Ventia sent Mr Rodney-Hansen a show cause letter. The company alleged that he had purposely banged his head against the door as if to headbutt the inmate. Mr Rodney-Hansen once again denied that the headbutt was directed at the inmate. And he reiterated that he was rather “venting of his frustration against the door.” Mr Rodney-Hansen was subsequently summarily dismissed for serious misconduct over the incident.

Locking horns at work is never good. Sometimes by taking this path there is a winner and a loser. Avoid this scenario .

Staffing concerns played into officer’s actions

Mr Rodney-Hansen contended to the Fair Work Commission that following the headbutt, he had removed himself from the situation. He also claimed that the incident “was limited to one very short interaction.” He admitted that his conduct was “wrong.” However, he felt that it was not sufficiently serious to warrant an immediate dismissal. And that it would have been more just to simply receive a warning.

He contended that staffing concerns should be considered a mitigating factor and accused Ventia of failing to provide a safe working environment. Mr Rodney-Hansen told the Fair Work Commission that a number of experienced staff had left in the months preceding the incident.

Fair Work Commission rules on unfair dismissal case

At Mr Rodney-Hansen’s unfair dismissal hearing, the Fair Work Commission found that the issue of understaffing “was perhaps the most significant factor” weighing on his mind. It was also accepted that given Mr Rodney-Hansen was of a bigger stature and male, he was “likely called upon to deal with a greater share of difficult [prisoners].” It was found that he would have been “on edge” prior to the incident.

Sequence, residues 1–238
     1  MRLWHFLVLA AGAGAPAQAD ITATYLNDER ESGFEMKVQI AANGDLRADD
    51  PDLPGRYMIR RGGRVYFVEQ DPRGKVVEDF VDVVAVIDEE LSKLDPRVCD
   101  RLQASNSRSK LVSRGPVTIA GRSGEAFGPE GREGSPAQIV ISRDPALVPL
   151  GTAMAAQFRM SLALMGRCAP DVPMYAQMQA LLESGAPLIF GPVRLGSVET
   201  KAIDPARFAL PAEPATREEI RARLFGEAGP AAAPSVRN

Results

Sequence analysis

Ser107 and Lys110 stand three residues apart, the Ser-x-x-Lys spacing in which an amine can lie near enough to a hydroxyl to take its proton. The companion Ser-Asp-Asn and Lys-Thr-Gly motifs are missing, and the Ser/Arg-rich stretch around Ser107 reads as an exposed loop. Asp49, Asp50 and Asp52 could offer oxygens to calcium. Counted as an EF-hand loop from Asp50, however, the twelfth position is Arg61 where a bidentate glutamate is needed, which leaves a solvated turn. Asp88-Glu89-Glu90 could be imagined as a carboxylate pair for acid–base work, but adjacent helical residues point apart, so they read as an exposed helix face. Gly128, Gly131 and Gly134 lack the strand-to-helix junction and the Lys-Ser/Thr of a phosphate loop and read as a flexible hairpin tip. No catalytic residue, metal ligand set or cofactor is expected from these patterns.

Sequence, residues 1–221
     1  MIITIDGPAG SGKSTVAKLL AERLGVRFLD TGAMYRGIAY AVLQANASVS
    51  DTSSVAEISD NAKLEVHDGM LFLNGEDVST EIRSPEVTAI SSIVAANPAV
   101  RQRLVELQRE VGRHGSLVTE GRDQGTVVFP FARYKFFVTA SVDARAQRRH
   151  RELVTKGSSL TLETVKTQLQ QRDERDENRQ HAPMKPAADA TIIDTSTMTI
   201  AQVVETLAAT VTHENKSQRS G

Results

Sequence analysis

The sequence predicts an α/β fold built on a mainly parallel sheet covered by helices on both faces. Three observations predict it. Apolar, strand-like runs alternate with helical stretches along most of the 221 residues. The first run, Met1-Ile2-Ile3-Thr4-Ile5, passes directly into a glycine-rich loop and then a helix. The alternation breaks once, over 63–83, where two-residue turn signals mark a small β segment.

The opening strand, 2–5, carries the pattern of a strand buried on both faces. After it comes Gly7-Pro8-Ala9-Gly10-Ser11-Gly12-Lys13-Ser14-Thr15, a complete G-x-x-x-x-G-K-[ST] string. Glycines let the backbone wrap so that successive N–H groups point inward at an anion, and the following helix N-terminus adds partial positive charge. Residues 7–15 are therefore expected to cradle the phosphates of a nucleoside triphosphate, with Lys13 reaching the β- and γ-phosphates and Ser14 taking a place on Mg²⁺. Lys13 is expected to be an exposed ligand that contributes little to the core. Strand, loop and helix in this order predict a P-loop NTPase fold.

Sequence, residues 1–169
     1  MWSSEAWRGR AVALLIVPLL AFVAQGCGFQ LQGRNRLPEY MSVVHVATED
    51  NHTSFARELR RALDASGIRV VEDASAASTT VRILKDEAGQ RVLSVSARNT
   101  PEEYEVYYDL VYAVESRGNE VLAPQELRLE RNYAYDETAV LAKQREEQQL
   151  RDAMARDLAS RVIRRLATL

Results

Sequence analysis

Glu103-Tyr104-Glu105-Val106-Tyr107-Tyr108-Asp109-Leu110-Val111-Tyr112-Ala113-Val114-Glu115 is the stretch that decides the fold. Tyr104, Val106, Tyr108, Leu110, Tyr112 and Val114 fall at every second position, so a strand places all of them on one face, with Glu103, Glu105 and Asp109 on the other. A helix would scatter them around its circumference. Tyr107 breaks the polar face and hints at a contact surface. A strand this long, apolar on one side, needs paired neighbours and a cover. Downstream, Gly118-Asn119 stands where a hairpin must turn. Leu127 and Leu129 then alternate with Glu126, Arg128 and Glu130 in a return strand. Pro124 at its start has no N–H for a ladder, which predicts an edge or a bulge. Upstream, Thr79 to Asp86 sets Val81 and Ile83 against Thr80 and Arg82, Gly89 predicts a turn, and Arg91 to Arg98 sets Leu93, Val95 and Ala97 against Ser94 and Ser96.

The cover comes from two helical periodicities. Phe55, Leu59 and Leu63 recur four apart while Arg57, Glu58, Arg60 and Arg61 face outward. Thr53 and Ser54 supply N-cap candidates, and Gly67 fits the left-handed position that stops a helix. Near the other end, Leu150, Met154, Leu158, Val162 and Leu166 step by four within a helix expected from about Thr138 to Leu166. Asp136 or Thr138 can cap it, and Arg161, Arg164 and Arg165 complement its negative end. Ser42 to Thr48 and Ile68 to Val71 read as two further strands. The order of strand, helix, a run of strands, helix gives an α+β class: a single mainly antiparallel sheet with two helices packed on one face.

The Fair Work Commission acknowledged that it was “likely that there were at least some inexperienced staff regularly working on the roster.” The lack of support for Mr Rodney-Hansen was found to have caused “serious safety ramifications.” This was because he worked in a “routinely dangerous and stressful” environment.

Damage to company property. Some employees go back after hours or after they are dismissed and cause trouble. This may result in criminal charges. Don’t do it, rung us, get advice get justice through the proper channels.

“Black and white” thinking of employer problematic

Ventia had argued to the Fair Work Commission that “the fact that [Mr Rodney-Hansen] did not physically assault the [prisoner] ought not weigh in his favour.” However, it was noted that when Mr Rodney-Hansen had assisted the prisoner later that day “he had a further opportunity to harm” him but resisted doing so.

The Fair Work Commission deemed that Mr Rodney-Hansen was “probably showing frustration rather than trying to intimidate.” And that a “distinction must be drawn between physical assault on a person and expressing frustration upon an inanimate object.” Ventia’s trying position, in which it did not want to accept inappropriate behaviour, was acknowledged by the Fair Work Commission. However, it was stated that “such a black and white position” was problematic.  

Unjust to expect angelic standards with “threat of physical violence”